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A Former Conservative Parliamentary Candidate In Hull Has Defected To UKIP

Mike Whitehead, a Conservative councillor in Hull and formerly the Tory candidate for Hull West and Hessle, has defected to UKIP.

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A Conservative councillor and parliamentary candidate in Hull has defected to join UKIP, the party said on Monday.

PA / Conservative Party

Michael Whitehead, an East Riding councillor, is standing in the general election against former Labour home secretary Alan Johnston.

UKIP said in a statement that Whitehead was "disgusted" with the ruling Tory group in East Yorkshire and with Conservative party HQ for failing to stop its "secretive" behaviour.

Whitehead said he had been concerned about the behaviour of leading Tories in the area since 2011, and that he wanted to "open this secretive council up and make it more transparent and work better for the residents rather than to the benefit of the few".

UKIP leader Nigel Farage said the move showed UKIP was "the real party of opposition to Labour in the north".

Whitehead's chances of winning Hull and West Hessle are slim in any case: Johnson is defending a majority of 5,700 in the constituency.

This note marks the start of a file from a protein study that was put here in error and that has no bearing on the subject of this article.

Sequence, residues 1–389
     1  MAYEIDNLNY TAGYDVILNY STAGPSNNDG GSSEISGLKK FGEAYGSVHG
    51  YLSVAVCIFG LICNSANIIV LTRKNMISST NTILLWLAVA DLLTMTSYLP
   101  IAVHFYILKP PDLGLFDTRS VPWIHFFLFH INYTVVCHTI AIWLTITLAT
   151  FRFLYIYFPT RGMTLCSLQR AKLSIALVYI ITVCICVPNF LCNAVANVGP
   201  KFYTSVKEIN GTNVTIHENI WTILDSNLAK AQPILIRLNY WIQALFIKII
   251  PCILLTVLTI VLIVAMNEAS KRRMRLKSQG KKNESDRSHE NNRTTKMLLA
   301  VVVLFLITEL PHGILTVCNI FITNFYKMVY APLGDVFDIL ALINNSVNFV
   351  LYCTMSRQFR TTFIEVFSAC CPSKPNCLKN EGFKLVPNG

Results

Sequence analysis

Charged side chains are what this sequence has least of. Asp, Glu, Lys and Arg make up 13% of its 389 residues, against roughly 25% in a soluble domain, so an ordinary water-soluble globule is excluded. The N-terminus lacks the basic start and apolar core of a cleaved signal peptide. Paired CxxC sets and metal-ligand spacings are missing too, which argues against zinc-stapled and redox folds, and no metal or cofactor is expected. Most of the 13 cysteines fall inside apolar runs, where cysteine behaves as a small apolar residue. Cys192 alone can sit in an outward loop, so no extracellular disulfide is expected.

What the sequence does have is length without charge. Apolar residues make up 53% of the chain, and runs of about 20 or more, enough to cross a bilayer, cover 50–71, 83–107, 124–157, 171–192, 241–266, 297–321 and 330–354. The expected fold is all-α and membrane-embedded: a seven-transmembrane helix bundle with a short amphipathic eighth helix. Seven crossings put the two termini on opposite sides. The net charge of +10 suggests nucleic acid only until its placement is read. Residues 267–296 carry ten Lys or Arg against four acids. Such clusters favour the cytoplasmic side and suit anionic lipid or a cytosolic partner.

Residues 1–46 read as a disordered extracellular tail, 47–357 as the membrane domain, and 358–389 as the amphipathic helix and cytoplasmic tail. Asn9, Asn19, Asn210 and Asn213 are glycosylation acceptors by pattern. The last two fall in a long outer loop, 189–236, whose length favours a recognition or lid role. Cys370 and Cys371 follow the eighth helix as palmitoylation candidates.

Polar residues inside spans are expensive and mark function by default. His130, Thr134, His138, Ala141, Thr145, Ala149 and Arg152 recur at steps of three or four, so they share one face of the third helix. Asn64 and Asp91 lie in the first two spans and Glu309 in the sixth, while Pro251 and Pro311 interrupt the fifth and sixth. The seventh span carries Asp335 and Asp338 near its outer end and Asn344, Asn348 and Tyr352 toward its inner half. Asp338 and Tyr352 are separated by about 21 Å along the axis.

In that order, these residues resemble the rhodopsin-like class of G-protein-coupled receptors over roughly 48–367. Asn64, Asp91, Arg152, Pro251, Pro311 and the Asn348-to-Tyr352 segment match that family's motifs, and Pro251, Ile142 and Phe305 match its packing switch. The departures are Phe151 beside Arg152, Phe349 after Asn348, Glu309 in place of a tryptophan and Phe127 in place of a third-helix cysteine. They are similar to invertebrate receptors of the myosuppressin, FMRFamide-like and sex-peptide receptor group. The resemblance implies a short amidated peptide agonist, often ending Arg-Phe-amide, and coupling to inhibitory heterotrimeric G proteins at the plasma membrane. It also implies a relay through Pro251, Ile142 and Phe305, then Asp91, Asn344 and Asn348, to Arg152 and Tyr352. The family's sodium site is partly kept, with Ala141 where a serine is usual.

However the Conservatives were quick to say that Whitehead was in fact "sacked" by the party last week, adding that his appointment by UKIP was "cynical".

Statement on Mike Whitehead, sacked last week

The Press Association has obtained a letter sent to Whitehead on Friday from Conservative party HQ informing him that the party was "refusing" to nominate him as a candidate. It said:

As you have stated that you intend to stand in the local election, despite not having been selected for the party, and despite Mrs Clarke asking you to agree to support whoever is properly selected by the association to fight the Willerby and Kirkella ward, I am forced to act to protect the party by refusing to agree to you being nominated to represent the Conservative party at the 2015 general election as candidate for Hull West and Hessle.

The shadow cabinet officer minister, Labour's Jon Trickett, said the move was a blow to the prime minister's authority. He said:

This is another huge blow for David Cameron's authority. Even his candidates know he cannot win a majority.

UKIP and the Tories increasingly share the same people as well as the same policies. Both stand for increased health service privatisation, extreme spending plans which threaten the NHS and further tax breaks for those at the top.

Patrick Smith is a senior reporter for BuzzFeed News and is based in London.

Contact Patrick Smith at

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